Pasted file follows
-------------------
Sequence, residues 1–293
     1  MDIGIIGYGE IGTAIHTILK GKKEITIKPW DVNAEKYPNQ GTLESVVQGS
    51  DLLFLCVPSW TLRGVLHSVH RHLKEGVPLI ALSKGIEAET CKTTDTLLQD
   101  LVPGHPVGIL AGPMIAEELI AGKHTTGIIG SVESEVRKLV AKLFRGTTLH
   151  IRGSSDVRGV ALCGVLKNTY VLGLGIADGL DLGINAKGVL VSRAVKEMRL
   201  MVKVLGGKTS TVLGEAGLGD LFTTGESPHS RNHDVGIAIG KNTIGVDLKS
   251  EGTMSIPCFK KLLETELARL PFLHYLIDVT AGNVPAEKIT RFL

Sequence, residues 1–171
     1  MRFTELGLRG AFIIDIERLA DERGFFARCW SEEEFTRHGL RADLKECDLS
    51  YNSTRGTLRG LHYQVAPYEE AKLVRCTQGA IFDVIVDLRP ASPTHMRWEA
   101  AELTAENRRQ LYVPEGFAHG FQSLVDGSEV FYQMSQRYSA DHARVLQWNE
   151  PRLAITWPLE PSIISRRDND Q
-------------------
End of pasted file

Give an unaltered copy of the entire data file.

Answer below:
Sequence, residues 1–293
     1  MDIGIIGYGE IGTAIHTILK GKKEITIKPW DVNAEKYPNQ GTLESVVQGS
    51  DLLFLCVPSW TLRGVLHSVH RHLKEGVPLI ALSKGIEAET CKTTDTLLQD
   101  LVPGHPVGIL AGPMIAEELI AGKHTTGIIG SVESEVRKLV AKLFRGTTLH
   151  IRGSSDVRGV ALCGVLKNTY VLGLGIADGL DLGINAKGVL VSRAVKEMRL
   201  MVKVLGGKTS TVLGEAGLGD LFTTGESPHS RNHDVGIAIG KNTIGVDLKS
   251  EGTMSIPCFK KLLETELARL PFLHYLIDVT AGNVPAEKIT RFL

Sequence, residues 1–171
     1  MRFTELGLRG AFIIDIERLA DERGFFARCW SEEEFTRHGL RADLKECDLS
    51  YNSTRGTLRG LHYQVAPYEE AKLVRCTQGA IFDVIVDLRP ASPTHMRWEA
   101  AELTAENRRQ LYVPEGFAHG FQSLVDGSEV FYQMSQRYSA DHARVLQWNE
   151  PRLAITWPLE PSIISRRDND Q